120 pipe-bursts in four years from 2007
Shoddy work caused an arterial drinking water pipeline laid in the city in 2007 at a cost of Rs.10 crore to burst at least 120 times in the past four years, causing a huge loss to the public exchequer, according to the Vigilance and Anti-Corruption Bureau (VACB).
Till 2011, the exchequer lost Rs.31 lakh to repair the leaks, which still recurred and continued to deprive thousands of urban households of piped water supply, often for several days at a stretch and without any warning.
The VACB was yet to estimate the cost incurred by the government in supplying potable water to affected areas during repeated pipeline bursts.
Hundreds of lesser leaks in the faulty supply lines, which were rarely detected or staunched, daily caused the loss of large quantities of potable water, channelled to the city at considerable cost from the Kerala Water Authority (KWA)’s suburban reservoirs and their treatment plants.
In 2004, the State government had contracted a private company to lay the pipelines under the Kerala Sustainable Urban Development Project (KSUDP)’s ‘Theerapadam’ scheme.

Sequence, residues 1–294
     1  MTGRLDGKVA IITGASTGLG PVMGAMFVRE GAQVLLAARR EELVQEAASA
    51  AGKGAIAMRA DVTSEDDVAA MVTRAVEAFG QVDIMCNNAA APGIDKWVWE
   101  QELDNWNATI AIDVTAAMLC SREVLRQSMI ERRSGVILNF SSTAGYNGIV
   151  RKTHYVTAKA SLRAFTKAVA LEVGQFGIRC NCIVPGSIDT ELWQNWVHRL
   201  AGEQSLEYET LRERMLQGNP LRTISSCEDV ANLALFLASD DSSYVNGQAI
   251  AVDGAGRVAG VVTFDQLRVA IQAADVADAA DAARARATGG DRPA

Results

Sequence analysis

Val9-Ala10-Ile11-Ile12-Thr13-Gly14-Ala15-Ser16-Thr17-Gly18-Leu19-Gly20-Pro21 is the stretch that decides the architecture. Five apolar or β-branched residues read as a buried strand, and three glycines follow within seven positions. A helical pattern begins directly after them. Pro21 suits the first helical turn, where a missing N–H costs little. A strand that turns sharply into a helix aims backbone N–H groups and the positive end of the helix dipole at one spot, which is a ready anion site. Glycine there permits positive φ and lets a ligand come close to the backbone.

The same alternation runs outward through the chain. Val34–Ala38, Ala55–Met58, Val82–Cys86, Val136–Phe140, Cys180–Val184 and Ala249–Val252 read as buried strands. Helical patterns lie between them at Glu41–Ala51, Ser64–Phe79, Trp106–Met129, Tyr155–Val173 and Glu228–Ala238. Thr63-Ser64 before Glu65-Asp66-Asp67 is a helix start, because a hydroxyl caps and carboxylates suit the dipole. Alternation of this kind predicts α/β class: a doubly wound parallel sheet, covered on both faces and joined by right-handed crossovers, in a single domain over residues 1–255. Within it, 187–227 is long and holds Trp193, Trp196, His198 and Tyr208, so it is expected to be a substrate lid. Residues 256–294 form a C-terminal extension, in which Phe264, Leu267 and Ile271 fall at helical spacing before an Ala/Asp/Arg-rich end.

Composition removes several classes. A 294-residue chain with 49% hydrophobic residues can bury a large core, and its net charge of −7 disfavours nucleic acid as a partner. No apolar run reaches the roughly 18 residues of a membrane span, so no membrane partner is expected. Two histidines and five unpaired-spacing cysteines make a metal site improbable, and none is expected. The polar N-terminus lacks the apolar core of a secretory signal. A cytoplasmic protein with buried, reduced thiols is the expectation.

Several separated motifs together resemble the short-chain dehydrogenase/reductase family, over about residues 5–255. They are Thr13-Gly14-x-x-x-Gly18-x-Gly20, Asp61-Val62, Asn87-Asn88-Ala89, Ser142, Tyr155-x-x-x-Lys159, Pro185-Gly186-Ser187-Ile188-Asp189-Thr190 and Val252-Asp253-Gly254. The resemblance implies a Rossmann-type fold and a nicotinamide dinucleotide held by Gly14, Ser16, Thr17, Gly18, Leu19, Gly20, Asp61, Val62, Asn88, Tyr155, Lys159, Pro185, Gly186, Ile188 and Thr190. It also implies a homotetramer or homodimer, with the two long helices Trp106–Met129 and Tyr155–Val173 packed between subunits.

It appointed a KSUDP employee as special officer to implement the scheme and a senior engineer of KWA to monitor the work.
As per the agreement, the contractor was to ‘use a design with a life span of 50 years for the pipeline in normal commercial operation and design, engineer, and execute the work with most modern principles, with skill, care, and diligence.’
The agency found that the agreement largely remained on paper and KSUDP and KWA officials repeatedly ignored warnings from government engineers that the pipelines were being laid in a careless manner.
A KWA engineer reported to the government that the ‘contractor’s men were dragging the high-density polyethylene pipes on rough surfaces with earth-moving equipment’ and such slipshod handling would erode the structural integrity of the pipelines and make them vulnerable to leakages when charged.
He said the subterranean pipes were laid in shallow trenches, which made them vulnerable to surface pressures.
When his reports went unheeded, the engineer reported that he was ‘unable to manage the contractor and be exempted from the project.’
A government-appointed team of experts, which investigated the cause of repeated pipe bursts along the Chalakuzhy-Vayilkada-Mannanthala stretch more recently, confirmed the engineer’s fears.
It found that ‘poor workmanship, insufficient depth of the trenches in which the pipes were laid, and shoddy handling of the pipes’ caused the frequent bursts.
On Thursday, the VACB booked the contractor and the government officials concerned on the charge of conspiring to cheat the government to reap illicit gain at the cost of the public exchequer (crime number 8/2012/SRT).